Springer Online Journal Archives 1860-2000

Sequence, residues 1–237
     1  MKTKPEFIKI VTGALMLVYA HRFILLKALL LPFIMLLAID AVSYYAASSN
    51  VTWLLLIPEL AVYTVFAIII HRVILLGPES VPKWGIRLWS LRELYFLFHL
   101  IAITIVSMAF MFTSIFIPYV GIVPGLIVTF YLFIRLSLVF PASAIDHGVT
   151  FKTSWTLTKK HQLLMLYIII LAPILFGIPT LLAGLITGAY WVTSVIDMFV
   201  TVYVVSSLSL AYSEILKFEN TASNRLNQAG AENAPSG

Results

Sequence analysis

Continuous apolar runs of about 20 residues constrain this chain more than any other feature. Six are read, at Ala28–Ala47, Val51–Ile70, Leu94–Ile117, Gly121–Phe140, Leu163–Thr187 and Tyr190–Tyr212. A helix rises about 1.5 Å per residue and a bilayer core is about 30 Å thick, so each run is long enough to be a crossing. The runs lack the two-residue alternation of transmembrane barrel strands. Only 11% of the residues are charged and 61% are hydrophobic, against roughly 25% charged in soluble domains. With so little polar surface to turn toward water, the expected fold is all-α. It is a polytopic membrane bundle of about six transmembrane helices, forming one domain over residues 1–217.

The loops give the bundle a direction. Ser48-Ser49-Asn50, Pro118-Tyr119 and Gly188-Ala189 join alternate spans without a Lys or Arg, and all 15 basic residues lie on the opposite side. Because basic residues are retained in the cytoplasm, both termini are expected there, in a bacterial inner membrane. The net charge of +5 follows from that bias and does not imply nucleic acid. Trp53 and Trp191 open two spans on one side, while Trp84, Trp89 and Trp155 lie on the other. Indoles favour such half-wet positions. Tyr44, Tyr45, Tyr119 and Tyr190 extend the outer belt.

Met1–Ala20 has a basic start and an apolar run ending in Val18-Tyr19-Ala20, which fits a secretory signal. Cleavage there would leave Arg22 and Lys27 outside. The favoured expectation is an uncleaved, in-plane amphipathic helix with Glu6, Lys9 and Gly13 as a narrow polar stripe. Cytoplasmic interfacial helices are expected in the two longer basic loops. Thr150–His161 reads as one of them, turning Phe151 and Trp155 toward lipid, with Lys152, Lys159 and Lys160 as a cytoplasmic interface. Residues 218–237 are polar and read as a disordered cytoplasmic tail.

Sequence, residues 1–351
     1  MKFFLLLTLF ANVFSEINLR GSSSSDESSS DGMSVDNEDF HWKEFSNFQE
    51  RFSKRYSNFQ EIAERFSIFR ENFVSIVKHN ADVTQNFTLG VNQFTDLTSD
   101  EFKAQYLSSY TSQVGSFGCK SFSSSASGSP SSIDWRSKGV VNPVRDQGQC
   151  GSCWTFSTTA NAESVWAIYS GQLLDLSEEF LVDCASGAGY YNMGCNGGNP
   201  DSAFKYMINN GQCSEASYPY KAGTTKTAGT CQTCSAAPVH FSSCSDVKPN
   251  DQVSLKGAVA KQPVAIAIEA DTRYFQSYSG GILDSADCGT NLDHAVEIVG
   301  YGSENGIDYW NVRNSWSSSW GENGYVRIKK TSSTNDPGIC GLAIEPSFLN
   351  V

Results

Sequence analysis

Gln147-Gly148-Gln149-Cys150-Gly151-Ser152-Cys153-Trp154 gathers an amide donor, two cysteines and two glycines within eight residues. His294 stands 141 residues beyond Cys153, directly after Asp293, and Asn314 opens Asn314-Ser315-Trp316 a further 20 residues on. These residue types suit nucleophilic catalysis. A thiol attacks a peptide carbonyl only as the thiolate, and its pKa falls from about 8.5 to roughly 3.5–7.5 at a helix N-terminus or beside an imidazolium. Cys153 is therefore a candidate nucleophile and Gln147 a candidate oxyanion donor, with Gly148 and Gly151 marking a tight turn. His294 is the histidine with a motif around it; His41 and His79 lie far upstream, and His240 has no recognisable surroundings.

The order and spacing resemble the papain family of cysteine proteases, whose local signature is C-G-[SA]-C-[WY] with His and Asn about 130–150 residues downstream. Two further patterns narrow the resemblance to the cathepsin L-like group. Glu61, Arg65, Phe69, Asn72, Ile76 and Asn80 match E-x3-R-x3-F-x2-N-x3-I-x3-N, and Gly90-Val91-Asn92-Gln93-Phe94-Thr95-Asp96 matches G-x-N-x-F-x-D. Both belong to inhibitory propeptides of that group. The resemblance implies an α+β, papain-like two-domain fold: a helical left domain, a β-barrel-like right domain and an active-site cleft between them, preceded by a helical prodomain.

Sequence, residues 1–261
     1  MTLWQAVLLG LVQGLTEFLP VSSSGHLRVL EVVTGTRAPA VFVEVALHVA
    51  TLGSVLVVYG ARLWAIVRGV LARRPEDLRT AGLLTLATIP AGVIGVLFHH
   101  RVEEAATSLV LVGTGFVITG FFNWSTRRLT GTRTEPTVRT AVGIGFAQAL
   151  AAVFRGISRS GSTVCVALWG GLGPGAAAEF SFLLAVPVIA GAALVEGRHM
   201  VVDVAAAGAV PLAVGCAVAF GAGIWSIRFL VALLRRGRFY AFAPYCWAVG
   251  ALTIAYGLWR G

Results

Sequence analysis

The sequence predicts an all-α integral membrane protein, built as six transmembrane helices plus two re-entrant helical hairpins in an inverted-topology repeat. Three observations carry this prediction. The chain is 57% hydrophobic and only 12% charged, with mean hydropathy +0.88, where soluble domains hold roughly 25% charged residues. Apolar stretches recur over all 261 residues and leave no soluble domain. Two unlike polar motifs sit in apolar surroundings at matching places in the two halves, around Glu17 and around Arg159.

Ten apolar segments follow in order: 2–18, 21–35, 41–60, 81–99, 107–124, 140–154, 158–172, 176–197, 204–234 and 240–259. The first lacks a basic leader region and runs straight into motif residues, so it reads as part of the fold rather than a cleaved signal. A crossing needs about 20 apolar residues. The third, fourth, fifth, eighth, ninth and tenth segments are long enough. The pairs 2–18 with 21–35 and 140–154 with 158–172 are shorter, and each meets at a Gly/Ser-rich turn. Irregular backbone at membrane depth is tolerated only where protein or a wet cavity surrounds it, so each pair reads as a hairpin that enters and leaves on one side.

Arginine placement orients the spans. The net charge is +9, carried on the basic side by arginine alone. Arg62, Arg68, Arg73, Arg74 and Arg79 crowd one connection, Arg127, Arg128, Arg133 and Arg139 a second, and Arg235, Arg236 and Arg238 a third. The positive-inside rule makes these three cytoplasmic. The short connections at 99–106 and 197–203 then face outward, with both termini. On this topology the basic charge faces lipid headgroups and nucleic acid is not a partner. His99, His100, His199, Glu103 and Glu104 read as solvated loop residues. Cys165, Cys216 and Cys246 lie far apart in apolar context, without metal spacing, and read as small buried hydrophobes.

Summary The immunoreactivity in OZ42, a neural cell specific antibody that recognizes premigratory cerebellar granule cells, was examined in early postnatal wild-type and weaver mouse cerebella. We find that the OZ42-positive staining in the external granular layer (EGL) is first seen at postnatal day 1 in the most posterior and ventral aspect of midline cerebellum in the wild-type and heterozygous weaver mouse. By postnatal day 4 strong immunoreactivity is observed in the EGL of all cerebellar lobules. This staining is localized to a band of immunoreactive cells present at the interface of the EGL and the molecular layer (ML). In the homozygous weaver cerebellum, OZ42-positive staining is not seen until post-natal day 3. In the postnatal day 4 weaver cerebellum, immunoreactivity is considerably ligther than in littermate control cerebella, and found throughout the width of the EGL (i.e., not localized to the EGL-ML interface). This study demonstrates that the expression of a specific marker of granule cell development is abnormal in the granule cell population of the homozygous weaver mouse, a population of cells known to be intrinsically affected by the action of this mutant gene. In the light of previous studies, which have shown that the weaver phenotype is identifiable as early as the day of birth, and that the OZ42-antigen may be involved with the development process of axonal growth, it is reasonable to suggest that the weaver mutation results in an abnormality in the ability of granule cells to produce and/or stabilize axons.
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